Photo:

Penelope Mason

My CV

Education:

Harrogate Grammar School, University of Newcastle

Qualifications:

BSc Hons (Molecular Biology), PhD (Mitochondrial DNA repair), BTA (been to America) ; )

Work History:

Previously worked in the USA at the National Institutes of Health, then at Oxford in the Biochemistry Dept.with Dr. Lynne Cox

Current Job:

Employer:

Me and my work

Research into how we age and whether we can age better

There are some organisms that live for a very short time, and some that are essentially immortal. Why is this? Ageing is the result of the interaction of many complex systems and we still do not know many of the answers. Humans live a relatively long time, yet some can be born with diseases (such as progeria) that cause them to age much more quickly, and some humans live far longer than average. We can use both of these groups, and other organisms with unusual rates of ageing to correlate the genetic background with the type of ageing. If we know the reasons why some organisms live longer, and more importantly, stay more healthy in old age, we can use that information to help human live more healthy for longer.

My Typical Day

I work on human cells living in dishes, so I have to keep them happy and test their reactions to my experimental stimuli

I need to feed and clean my cells to keep them healthy, like you would with anything you are growing. The cells are kept in sterile growing chambers so they don’t get mould or bacteria, and like to live as they would in your body – at 37oC and in the dark, so are kept in a dark incubator. I then give the cells a drug or change their living conditions, and see if it makes them live for longer or whether they grow better and are more healthy. There are many ways to see this, from measuring their lifespans and what they look like, to mounting them on slides and colouring them for markers that show up only when they are e.g. stressed or growing well. I then record and chart this data to find evidence that a particular drug (or environmental condition) helps cells live longer better.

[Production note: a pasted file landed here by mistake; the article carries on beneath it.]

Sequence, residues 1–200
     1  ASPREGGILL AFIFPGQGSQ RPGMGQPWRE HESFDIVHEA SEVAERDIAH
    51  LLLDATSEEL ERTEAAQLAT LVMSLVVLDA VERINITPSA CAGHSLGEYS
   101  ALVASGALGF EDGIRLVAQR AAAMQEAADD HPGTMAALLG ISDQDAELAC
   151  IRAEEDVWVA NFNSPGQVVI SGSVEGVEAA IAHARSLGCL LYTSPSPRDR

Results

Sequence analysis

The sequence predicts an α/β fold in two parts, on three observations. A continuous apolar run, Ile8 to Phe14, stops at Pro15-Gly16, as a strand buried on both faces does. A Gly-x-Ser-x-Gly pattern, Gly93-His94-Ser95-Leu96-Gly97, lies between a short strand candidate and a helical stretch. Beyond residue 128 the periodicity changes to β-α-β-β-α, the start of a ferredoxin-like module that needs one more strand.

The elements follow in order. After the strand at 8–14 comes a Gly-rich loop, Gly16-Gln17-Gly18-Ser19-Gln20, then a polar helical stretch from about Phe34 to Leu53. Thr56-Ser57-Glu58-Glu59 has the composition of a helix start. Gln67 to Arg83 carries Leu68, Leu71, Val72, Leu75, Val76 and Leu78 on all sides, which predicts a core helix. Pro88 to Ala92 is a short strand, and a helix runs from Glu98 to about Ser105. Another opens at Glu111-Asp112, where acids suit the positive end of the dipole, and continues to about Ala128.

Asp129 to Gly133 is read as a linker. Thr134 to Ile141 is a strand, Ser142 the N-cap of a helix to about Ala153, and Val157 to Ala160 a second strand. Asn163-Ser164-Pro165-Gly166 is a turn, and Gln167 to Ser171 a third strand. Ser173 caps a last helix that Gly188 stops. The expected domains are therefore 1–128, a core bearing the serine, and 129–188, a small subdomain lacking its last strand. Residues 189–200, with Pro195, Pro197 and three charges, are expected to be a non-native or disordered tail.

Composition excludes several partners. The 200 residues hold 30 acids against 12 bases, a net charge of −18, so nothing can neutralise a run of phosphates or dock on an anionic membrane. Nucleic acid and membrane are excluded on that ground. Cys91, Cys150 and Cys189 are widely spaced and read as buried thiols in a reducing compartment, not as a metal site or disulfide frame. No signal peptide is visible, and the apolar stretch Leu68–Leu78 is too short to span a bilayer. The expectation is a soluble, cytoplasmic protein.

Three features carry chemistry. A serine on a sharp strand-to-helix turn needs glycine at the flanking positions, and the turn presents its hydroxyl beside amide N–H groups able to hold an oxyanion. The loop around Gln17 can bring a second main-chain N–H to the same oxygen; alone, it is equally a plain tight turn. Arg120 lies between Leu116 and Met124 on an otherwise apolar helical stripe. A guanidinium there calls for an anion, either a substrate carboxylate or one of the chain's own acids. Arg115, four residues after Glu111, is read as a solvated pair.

My Interview

How would you describe yourself in 3 words?

Interested, chatty, amused

What living thing amazes you the most?

Everything! Living things are amazingly complicated yet they work beautifully

What is the most fun thing you've done?

Last year I gave a talk about ageing as part of a play at secret garden party and wilderness

Were you ever in trouble in at school?

Not really, I was a bit of a geek, so really just the odd uniform-malfunction detention…

If you weren't a scientist, what would you be?

A vet or Terry Pratchett

What's the best thing you've done as a scientist?

Worked with people from all over the world as fascinated by everything as I am

Who or what inspired you to become a scientist?

I loved Biology and Crafts at school, so combined the two. I grew up on sci-fi. And I thought Nikola Tesla was fantastic.

What would your superpower be?

Flying. My semi-useless scientist superpower is knowing my timer will go off just before it does

If I could change one thing about the world...

I would make it so that money was never a limiting factor

My favourite CHRISTMAS LECTURE memory is:

Hayley’s heart ; )

The most Fantastic thing about Life is:

That it’s so utterly complicated and interdependent, but works so well

Other stuff

Show us where you work:

My bench is to the right of Hayley’s. You can see it on her profile, covered in her worm plates… ; )

This is where we feed the cells myimage2